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Historic Huntsville cemetery added to federal registry

Published on November 15, 2023

Huntsville’s oldest surviving African American cemetery is now listed on the U.S. Park Service’s National Register of Historic Places.

Glenwood Cemetery, located at 2300 Hall Ave., is the City’s 75th resource to be added to the federal registry. The nomination was prepared by Dr. Caroline Swope, a local historic preservation specialist, and supported by retired educator and historian Ollye Conley.

A large black marker explains the history of Glenwood Cemetery.
A marker at Glenwood Cemetery outlines the history as well as some of the notable figures buried there.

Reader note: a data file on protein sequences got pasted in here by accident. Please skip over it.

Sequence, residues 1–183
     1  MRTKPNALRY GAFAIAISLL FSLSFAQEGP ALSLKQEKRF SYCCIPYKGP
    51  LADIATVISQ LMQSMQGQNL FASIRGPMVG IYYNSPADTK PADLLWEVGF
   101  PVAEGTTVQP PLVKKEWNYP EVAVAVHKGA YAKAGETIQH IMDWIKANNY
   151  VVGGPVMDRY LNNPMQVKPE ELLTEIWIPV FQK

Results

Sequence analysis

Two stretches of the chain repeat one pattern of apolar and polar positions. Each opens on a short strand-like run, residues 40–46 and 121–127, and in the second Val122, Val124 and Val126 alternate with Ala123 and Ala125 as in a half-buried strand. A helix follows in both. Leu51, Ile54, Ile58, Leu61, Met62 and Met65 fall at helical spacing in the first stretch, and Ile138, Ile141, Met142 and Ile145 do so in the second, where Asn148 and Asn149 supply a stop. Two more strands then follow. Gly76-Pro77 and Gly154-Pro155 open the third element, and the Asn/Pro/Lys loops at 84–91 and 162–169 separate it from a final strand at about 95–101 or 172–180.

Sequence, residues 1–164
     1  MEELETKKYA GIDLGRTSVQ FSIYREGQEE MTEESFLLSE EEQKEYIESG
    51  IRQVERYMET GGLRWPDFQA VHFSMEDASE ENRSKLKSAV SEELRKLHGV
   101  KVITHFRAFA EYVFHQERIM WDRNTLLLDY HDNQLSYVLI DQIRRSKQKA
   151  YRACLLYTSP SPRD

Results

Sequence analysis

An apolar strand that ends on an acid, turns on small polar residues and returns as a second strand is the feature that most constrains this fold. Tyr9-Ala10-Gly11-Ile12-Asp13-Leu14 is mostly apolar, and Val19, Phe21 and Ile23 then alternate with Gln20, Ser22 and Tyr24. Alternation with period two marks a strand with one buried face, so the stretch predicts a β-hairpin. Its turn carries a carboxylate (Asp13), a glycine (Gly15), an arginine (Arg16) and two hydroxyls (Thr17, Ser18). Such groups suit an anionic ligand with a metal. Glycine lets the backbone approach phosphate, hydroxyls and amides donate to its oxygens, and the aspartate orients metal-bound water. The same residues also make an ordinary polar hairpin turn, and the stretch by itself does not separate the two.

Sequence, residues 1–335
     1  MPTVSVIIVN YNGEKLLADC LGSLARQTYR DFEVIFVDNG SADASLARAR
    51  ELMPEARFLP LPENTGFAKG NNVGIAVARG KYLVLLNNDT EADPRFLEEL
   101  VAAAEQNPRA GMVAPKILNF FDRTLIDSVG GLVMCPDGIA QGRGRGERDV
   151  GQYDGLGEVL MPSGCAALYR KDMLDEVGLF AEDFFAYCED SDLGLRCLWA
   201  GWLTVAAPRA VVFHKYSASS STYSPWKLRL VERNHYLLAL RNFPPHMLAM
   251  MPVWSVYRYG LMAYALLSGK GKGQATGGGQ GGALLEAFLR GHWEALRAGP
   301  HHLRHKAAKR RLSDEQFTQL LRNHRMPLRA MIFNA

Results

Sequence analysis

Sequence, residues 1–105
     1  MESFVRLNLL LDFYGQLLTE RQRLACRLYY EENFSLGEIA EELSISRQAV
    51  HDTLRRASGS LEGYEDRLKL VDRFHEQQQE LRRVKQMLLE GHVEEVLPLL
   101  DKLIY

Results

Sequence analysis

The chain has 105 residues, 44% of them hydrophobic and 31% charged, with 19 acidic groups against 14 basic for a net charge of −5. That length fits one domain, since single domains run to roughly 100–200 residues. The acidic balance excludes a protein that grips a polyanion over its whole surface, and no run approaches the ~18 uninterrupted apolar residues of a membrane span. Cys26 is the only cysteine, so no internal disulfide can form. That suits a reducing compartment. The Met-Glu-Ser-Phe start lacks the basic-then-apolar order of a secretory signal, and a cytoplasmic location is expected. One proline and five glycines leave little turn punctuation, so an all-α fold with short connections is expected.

“We are thrilled to have Glenwood Cemetery listed to the National Register of Historic Places,” said Katie Stamps, City Preservation Planner.  “The bar for listing cemeteries to the National Register is extremely high. It is a testament to the historical significance of Glenwood and the hard work of people like Mrs. Conley and Dr. Swope that this sacred place is now designated at the federal level.”

Glenwood Cemetery was established in 1870 on 10 acres of land between Holmes and Clinton avenues. It is the resting place of people born slaves, emancipated, and who lived out the remainder of their days in the separate-but-equal south.

Notable people buried there include Henry Binford, an educator; Burgess Scruggs, a physician; and Charles Hendley Jr., the editor of The Huntsville Gazette.

“The people buried here came from all walks of life; they were mothers, fathers, brothers, sisters, husbands and wives,” said Donna Castellano, Executive Director of the Historic Huntsville Foundation. “By preserving Glenwood Cemetery, we pay our respects to those buried here and their history.”

Click here to learn more about the National Register of Historic Places and here to learn more about Historic Preservation in the City of Huntsville.